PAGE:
Cardoso at the Planalto Palace, Brasília.
See Pinheiro e Mesquita Neto, op. cit., p.45.
See O Estado de S. Paulo, 28 October 1994.
Since 1985, the personal convictions and intentions of each president have
been decisive: José Sarney responded to pressure to distance himself from the
legacy of the fallen authoritarian regime, but was unable to make a clear break
with the past; Fernando Collor, coincidentally the first president in the American
continent to be impeached, effectively implemented the policy shift which had
been gaining momentum through the 1980s; Itamar Franco established a firm
stance in opposition to the dictatorship and filled his government with officials
dedicated to social change; and finally Fernando Henrique Cardoso expressed
the intention of using his presidential authorities to consolidate human rights
law despite resistance from the establishment39.
What were the motives behind these government initiatives to
incorporate concern for human rights into Brazilian foreign policy? One
is found in the increasing priority each of these administrations
gave to the integration of Brazil into an increasingly globalised world economic
order and to their appreciation that democratic transition and the promotion of
human rights were inseparable in the international arena.
For a complete understanding of this policy shift, however, one must also
explore the role of domestic forces. NGOs and the media, particularly the
electronic media, exploded after the end of censorship and they initiated a new
era of exposure of human rights violations. Civil society organisations and the
Catholic leadership40 were also able to place effective and organised pressure
on successive administrations.
These internal pressures began to work in conjunction with external
pressure from multilateral organisations, which had begun to utilise the space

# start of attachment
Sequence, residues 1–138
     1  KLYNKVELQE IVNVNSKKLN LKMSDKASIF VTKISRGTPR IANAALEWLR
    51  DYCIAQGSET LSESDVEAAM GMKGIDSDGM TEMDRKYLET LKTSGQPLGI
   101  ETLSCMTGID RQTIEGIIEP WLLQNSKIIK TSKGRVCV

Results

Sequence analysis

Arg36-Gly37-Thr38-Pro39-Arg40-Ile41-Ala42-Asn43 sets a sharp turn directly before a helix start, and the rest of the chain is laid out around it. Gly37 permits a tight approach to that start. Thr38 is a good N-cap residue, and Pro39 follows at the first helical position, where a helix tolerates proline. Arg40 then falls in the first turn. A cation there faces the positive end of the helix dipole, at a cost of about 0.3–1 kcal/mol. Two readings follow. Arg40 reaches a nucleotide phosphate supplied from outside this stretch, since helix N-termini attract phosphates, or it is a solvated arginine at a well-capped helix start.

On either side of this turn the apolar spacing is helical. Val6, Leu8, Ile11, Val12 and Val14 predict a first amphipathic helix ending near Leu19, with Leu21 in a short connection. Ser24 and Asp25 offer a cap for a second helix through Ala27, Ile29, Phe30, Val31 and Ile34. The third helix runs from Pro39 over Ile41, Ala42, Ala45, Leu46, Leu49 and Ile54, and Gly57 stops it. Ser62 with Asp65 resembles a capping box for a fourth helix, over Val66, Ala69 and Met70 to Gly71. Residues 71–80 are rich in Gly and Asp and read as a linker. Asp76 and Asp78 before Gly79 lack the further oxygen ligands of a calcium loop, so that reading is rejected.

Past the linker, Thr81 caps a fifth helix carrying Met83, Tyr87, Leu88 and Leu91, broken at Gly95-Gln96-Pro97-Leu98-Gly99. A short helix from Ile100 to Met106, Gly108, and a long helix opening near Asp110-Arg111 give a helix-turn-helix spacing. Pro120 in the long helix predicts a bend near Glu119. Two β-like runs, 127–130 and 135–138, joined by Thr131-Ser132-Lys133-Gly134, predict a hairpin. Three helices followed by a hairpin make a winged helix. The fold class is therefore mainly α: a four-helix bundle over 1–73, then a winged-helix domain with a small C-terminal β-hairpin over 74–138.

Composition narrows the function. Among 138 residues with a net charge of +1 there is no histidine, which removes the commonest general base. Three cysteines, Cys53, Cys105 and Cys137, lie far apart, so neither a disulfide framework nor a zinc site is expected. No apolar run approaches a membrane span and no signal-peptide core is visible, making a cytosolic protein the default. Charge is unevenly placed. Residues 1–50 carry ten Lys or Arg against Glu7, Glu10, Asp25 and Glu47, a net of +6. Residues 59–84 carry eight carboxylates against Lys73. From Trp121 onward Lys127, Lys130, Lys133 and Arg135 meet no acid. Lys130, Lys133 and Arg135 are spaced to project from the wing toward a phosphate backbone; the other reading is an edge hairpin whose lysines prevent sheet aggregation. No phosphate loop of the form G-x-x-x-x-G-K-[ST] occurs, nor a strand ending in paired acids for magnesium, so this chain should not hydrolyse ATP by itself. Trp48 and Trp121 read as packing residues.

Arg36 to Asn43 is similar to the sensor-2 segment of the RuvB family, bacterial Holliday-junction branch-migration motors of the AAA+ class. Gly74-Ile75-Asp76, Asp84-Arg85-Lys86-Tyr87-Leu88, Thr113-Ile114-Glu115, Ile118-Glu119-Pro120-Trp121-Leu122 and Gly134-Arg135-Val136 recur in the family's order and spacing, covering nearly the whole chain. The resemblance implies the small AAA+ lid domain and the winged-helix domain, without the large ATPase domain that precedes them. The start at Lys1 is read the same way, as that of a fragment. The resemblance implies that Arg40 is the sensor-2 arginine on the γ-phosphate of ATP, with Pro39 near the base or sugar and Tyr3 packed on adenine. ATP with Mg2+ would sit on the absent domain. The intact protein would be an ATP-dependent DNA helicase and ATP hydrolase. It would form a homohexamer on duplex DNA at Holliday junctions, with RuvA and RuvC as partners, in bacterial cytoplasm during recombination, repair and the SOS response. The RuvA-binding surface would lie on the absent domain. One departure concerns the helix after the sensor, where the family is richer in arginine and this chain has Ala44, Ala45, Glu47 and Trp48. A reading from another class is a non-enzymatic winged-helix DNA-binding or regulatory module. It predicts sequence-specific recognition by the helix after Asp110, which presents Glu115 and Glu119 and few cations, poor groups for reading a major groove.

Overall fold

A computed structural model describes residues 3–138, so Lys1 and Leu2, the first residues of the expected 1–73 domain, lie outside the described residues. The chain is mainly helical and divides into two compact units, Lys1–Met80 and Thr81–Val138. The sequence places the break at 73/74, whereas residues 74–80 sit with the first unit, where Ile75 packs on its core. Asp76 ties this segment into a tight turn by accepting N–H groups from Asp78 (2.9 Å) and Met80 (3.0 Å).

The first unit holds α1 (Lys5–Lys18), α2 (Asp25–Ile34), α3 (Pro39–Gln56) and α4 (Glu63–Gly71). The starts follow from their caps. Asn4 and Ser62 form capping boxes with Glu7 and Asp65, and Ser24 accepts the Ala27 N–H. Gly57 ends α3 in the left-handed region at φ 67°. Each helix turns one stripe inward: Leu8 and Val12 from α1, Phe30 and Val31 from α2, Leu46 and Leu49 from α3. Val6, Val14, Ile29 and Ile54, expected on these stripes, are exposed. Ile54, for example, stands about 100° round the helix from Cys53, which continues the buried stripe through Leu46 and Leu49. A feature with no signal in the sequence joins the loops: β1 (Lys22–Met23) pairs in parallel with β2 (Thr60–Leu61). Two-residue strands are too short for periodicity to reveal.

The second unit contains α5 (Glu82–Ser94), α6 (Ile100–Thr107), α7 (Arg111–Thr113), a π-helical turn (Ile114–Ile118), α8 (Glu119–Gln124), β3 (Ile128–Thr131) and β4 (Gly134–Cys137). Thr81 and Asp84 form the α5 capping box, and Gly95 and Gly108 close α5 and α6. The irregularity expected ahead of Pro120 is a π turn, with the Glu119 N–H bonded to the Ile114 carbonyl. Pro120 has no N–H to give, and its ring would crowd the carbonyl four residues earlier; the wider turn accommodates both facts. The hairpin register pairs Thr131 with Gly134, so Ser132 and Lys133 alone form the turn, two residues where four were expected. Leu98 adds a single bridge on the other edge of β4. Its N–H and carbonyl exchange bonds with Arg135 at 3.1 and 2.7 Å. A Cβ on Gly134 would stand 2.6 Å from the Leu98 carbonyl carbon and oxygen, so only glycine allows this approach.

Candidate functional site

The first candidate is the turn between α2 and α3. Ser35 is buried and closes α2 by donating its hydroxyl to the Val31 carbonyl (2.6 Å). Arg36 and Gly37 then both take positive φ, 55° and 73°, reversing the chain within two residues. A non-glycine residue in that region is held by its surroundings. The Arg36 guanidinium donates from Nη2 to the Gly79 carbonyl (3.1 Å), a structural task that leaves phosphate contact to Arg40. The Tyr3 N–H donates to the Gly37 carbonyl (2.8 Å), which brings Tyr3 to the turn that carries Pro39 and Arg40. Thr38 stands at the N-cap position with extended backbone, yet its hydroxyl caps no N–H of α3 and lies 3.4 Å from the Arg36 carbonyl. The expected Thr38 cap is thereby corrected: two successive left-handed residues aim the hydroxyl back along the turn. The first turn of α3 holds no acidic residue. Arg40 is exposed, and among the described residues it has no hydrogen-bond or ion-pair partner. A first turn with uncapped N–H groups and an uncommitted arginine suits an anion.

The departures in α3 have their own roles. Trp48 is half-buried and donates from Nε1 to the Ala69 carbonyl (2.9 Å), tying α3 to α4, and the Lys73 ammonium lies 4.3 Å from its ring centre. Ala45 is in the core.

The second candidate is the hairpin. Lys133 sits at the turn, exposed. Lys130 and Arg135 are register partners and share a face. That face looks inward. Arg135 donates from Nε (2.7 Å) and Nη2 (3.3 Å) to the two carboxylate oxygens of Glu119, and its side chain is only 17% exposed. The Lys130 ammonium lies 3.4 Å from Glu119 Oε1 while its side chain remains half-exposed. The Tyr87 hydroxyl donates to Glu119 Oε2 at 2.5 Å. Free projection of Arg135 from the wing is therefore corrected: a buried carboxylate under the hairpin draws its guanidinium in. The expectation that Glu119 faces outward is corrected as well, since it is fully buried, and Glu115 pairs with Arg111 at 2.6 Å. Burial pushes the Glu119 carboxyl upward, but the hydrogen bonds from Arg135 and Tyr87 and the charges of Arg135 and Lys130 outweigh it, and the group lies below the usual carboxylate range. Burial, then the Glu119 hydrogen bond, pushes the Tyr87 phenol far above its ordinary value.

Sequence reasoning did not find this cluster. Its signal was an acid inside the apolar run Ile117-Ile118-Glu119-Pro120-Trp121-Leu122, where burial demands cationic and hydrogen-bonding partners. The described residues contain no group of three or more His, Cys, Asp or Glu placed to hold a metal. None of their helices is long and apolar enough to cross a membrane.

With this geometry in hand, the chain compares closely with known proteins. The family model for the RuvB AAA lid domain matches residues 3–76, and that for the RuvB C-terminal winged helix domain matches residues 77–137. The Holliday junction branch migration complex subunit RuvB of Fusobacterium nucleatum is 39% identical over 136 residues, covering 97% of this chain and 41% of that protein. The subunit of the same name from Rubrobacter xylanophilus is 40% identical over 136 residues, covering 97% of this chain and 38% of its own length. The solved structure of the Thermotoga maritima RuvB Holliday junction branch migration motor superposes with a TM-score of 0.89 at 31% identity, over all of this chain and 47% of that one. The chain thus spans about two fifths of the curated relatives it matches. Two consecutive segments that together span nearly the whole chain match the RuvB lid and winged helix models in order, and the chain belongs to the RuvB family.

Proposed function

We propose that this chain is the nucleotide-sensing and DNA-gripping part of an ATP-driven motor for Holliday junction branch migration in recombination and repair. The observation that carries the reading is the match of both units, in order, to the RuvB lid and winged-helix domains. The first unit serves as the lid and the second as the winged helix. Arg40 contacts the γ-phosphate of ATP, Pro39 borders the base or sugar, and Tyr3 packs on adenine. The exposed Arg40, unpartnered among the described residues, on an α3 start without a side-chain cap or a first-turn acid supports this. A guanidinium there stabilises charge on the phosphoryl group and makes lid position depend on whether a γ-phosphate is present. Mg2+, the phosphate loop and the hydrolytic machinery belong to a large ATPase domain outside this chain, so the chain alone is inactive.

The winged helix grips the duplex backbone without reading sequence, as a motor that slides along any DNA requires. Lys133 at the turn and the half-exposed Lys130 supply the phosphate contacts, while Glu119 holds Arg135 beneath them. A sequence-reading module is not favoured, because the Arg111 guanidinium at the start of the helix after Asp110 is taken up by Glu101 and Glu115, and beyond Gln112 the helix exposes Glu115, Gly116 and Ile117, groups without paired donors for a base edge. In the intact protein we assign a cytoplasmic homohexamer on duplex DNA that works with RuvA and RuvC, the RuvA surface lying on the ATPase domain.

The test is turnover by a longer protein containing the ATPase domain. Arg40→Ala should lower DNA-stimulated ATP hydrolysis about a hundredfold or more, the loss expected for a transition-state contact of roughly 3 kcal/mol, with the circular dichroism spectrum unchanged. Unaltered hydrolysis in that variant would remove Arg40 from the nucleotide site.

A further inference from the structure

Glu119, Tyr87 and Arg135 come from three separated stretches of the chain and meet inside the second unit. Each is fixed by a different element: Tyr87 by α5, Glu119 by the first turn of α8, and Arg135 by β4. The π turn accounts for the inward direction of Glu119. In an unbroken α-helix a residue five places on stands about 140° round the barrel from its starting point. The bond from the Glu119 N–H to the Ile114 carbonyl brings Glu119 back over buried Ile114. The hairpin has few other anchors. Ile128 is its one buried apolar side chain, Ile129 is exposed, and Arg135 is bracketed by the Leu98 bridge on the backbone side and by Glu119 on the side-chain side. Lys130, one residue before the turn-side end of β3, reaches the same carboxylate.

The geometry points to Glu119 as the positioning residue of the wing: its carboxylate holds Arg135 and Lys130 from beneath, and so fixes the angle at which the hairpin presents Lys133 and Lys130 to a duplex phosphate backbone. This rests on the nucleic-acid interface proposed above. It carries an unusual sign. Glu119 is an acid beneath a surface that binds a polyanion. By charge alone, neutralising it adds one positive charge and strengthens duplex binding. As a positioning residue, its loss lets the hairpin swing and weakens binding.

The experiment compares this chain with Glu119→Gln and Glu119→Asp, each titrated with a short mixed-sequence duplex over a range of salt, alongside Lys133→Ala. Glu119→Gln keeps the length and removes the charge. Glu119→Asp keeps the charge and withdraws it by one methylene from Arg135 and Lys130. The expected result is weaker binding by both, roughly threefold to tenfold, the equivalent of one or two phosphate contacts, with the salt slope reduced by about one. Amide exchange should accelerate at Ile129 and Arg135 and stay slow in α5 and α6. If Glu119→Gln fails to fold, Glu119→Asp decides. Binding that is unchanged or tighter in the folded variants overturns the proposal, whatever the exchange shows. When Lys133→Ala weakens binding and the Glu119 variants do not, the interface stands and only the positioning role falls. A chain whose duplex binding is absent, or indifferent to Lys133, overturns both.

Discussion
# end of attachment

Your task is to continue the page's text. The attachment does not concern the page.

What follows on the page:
There could not have been a scene of greater symbolic value than on December 10th , 1995, when the
first National Human Rights Prize was awarded to Cardinal Dom Paulo Evaristo Arns, who had never
won a Brazilian award, in the Alvorada Palace in the presence of some of the political leadership from the
Such as Cardinal Dom Paulo Evaristo Arns, who published Torture in Brazil, one of the most
devastating documents on the arbitrary violence of the military dictatorship. Research for the book was
financed by the World Council of Churches (protestant) and published by a Catholic editor. Leonardo
Boff, who founded the National Human Rights Movement from his monastery in Petrópolis, Rio de
Janeiro, with his moral and intellectual prestige, was another influential Catholic leader.
afforded them by the new, open foreign policy. Although bilateral pressures
from such countries as the United States41 played an important role during
military rule, their impact was much diminished during the period of democratic
consolidation. This gap was quickly filled by international human rights NGOs,
principally Amnesty International, Human Rights Watch in the United States,
and the Federation Internationale des Droits de l’Homme (FIDH) in France, as
well as by those international NGOs focusing on specific themes such as